Tuesday, June 29, 2004

“Sauce for the Goose”

[Cringingly] “Excellency, pardon me for interrupting your morning session in the harem with the Playmates, but we have received an urgent communiqué from the American ambassador.”

“No harm done, Abdul, we needed a break anyway. [Aside: “Girls, take ten.”] What’s this about a message from the American ambassador?”

“He wishes to lodge a formal protest about our treatment of American prisoners, Excellency.”

[Astonished] “Whatever in the world for?”

[Apologetically] “He alleges that we are routinely torturing them, Excellency.”

“In what ways?”

“He says that we have been forcing U.S. prisoners to kneel for hours on end, depriving them of sleep for days on end, forcing them to strip naked and masturbate in front of women, hooding them for long periods of time, feeding them bread and water, attaching wires to their genitals and shocking them, and subjecting them to near-asphyxiation. He alleges that a number of U.S. prisoners have died as a result of this treatment.”

“Of course. What of it?”

“He claimed such treatment was a violation of the Geneva Convention.”

“I hope you told him that I, as commander-in-chief, am empowered to make any decisions necessary for our nation’s defense, and that included ignoring the Geneva Convention?”

“I told him, Your Excellency, though he scoffed at the notion. Then I told him that, in fact, none of the actions he mentioned could properly be considered ‘torture.’ I told him that him that for physical pain to amount to torture, it must be equivalent in intensity to the pain accompanying serious physical injury, such as organ failure, impairment of bodily function, or even death.”

“What did he say?”

“He heaped scorn on the definition. He said—begging your pardon, Excellency—that he knew torture when he saw it, that the definition was poppycock, and wondered where we ever came up with a definition that violated both common sense and civilized norms. He claimed that it was simply legal gobbledygook served up to justify inhumane treatment. He said we were—begging your pardon again, Excellency—nothing but war criminals, and he hoped to see us hanged.”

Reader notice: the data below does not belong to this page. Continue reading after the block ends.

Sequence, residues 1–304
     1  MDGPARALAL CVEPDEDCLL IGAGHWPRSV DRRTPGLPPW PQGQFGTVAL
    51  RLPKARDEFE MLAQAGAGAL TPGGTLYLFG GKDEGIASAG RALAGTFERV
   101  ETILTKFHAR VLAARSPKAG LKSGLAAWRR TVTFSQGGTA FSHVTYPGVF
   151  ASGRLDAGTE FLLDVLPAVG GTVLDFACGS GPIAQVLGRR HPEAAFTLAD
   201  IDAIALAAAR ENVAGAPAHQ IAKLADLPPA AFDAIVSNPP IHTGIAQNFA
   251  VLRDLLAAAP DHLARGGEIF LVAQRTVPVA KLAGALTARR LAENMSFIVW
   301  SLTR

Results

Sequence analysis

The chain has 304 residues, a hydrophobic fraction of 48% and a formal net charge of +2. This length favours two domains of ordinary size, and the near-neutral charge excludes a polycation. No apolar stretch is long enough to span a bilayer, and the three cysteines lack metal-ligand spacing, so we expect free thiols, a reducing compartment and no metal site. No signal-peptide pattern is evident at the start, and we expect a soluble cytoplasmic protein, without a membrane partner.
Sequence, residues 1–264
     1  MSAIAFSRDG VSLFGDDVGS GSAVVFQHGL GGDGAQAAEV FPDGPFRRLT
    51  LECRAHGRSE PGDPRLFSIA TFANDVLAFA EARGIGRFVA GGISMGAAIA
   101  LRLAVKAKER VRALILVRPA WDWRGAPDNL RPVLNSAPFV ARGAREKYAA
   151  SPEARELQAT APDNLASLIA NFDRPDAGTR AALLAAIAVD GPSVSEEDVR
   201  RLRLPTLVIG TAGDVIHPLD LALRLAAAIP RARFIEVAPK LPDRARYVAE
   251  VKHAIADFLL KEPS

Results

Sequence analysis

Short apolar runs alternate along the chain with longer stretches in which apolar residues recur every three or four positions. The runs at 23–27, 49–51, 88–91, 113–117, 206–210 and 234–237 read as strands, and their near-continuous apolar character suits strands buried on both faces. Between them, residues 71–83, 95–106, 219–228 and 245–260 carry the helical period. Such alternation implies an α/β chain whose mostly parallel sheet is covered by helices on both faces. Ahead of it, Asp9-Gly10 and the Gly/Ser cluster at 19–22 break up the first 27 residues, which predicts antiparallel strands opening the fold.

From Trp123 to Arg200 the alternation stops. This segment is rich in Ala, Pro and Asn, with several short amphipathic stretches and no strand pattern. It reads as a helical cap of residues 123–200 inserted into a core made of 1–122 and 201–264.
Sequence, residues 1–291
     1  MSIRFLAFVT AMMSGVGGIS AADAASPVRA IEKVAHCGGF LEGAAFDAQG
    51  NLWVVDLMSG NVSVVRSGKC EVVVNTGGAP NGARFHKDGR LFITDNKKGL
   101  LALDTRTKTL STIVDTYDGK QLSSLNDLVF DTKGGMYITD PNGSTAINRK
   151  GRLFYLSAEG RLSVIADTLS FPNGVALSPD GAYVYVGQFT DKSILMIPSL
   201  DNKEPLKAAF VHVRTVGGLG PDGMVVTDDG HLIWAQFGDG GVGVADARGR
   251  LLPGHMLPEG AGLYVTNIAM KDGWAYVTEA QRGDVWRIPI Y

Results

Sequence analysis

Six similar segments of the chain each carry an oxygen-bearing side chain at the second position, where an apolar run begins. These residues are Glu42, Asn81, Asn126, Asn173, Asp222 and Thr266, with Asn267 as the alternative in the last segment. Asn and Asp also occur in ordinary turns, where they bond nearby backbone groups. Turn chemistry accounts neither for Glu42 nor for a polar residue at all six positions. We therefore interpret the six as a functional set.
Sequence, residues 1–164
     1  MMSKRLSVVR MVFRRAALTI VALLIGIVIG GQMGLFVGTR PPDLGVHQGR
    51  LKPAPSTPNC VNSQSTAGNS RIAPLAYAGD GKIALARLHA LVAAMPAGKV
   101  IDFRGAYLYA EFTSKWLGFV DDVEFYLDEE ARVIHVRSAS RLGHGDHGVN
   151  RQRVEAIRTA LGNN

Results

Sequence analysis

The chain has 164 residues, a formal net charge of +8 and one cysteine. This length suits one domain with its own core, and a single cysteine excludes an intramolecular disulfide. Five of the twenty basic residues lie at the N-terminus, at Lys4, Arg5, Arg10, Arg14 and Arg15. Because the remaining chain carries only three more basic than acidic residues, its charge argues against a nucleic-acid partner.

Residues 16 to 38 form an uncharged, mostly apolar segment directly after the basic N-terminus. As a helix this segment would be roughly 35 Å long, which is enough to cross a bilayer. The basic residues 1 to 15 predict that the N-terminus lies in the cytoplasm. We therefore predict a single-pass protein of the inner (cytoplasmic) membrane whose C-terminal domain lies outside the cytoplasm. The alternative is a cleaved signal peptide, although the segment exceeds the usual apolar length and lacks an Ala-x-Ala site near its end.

“You told him, I hope, that we had a sound legal basis for our actions?”

“I did, Your Excellency. I told him how much we had admired the interrogation techniques employed by the U.S. in Iraq, Afghanistan, and at Guantanamo Bay. I said that, accordingly, we had taken our guidance, word for word, from the memo used to justify interrogation methods used by the U.S.—the one Mr. Bush requested from his legal counsel, Alberto Gonzales.”

“And his response?”

“He was quiet for a moment, Excellency. Then he said, ‘Excuse me. I see I am protesting in the wrong place.’ And he left.”

[Potentate laughs.] “Thanks for keeping me posted, Abdul. Okay, girls. Time to get back to work.”

© Tony Russell, 2004

Thursday, June 03, 2004

“Metaphors Are Sprouting Everywhere”

The Bush administration’s propaganda curtain over Iraq is finally lifting. Colorful metaphors are sprouting everywhere, like blossoms of truth after a long winter of lies and deception.